Fertilization In Angiosperms
The pollen tube after entering the embryo sac bursts and during this process one of the synergids is also destroyed. The tube nucleus disintegrates. One of the male gametes move towards the egg and fuses with it (syngamy) and the other male gamete fuses with the secondary nucleus (triple fusion). This process is known as Double Fertilization. Double fertilization is the characteristics of angiosperms. The second synergid is destroyed after fertilization. The antipodal cells also disintegrate either before or after fertilization. After, fertilization the oospore develops into embryo while the endospermie nucleus develops into the endosperm.
Development of Embryo-embryogenesis
The fertilized oospore secretes a thick wall around it and is transformed into an Oospore which act as the first cell of the sporophytic generation. The oospore after undergoing a period of rest (few hours to few months) develops into an embryo. It divides immediately after the first division of the endosperm nucleus. The division of nucleus is always followed by wall formation. Early stages of development of monocot and dicot embryos are the same but later stages show a marked difference.
DEVELOPMENT OF DICOT EMBRYO
The oospore elongates and divides transversely into a Suspensor Cell (towards micropylar end) and an Embryo Cell directed towards the cavity of the embryo sac.
The embryo cell enlarges and become spherical in outline. It divides by a vertical division into four cells. Two further division, one vertical and the other at right angles to the first one result in the formation of an octant (8 – celled embryo). This 8 – celled stage of the embryo is called Proembryo. The four octants next to the suspensor are the Hypobasal or Posterior Octants while the four octants towards the chalazal end are Epibasal or Anterior Octants. The epibasal octants give rise to Plumule and the Cotyledons whereas the hypobasal octants form the Hypocotyl (root end of the embryo).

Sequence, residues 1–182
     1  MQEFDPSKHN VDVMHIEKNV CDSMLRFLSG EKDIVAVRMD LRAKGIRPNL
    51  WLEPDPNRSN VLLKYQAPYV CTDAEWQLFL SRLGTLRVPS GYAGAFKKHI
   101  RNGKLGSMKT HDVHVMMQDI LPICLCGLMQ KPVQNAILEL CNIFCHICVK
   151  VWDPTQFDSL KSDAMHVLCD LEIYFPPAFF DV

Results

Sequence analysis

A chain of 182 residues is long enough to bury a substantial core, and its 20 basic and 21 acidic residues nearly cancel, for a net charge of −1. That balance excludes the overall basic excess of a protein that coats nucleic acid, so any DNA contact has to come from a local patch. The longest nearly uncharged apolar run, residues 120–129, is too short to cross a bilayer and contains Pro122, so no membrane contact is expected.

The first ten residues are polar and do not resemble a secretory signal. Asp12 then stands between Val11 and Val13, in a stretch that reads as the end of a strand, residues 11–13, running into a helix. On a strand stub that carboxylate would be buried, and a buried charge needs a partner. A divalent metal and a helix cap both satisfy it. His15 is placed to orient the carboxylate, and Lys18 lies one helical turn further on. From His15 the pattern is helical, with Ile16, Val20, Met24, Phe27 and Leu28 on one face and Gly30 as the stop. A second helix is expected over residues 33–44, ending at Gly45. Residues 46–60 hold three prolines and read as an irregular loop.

Now all the eight cells of the octant divide periclinally forming an Outer and Inner Layers of Cells. The cells of outer layer divide anticlinally forming a peripheral layer, the Dermatogen from which epidermis is formed. The cells of inner layer divide longitudinally and transversely forming the Periblem (ground tissue) beneath the dermatogen and Plerome (vascular tissue) in the center. The dermatogen is incomplete at the root end of the embryo, because the apex of the root is formed from hypophysis of the suspensor. The hypophysis divides transversely, the cell next to the embryo completes the periblem and the other cell undergoes two longitudinal divisions at right angles to each other forming a plate of four cells. Each of these four cells divide, the upper tier completes the dermatogen and the lower tier forms the root cap. As the growth progresses, the free end of embryo becomes heart shaped and lobed. Each lobe is a Cotyledon Primordium. The plumula and the epicotyl is produced in the depression between the two cotyledons. The plumula in dicots, is terminal. The cells of the lower end of the embryo forms Hypocotyl carrying radical at its tip.
The suspensor cell divides transversely and produce 6-10 celled filament, the Suspensor. The suspensor pushes the embryo into the endosperm. The uppermost or distal cell of the suspensor is large and act as Haustorium, while the lowermost cell of the suspensor next to embroyonal cell is known as Hypophysis which by further divisions give rise to the Radicle (embryonic root).
Egg > Two Cell > Octant Shape > Globular Shaped > Triangular Shaped > Heart Shaped > Torpedo Shaped > Mature Embryo.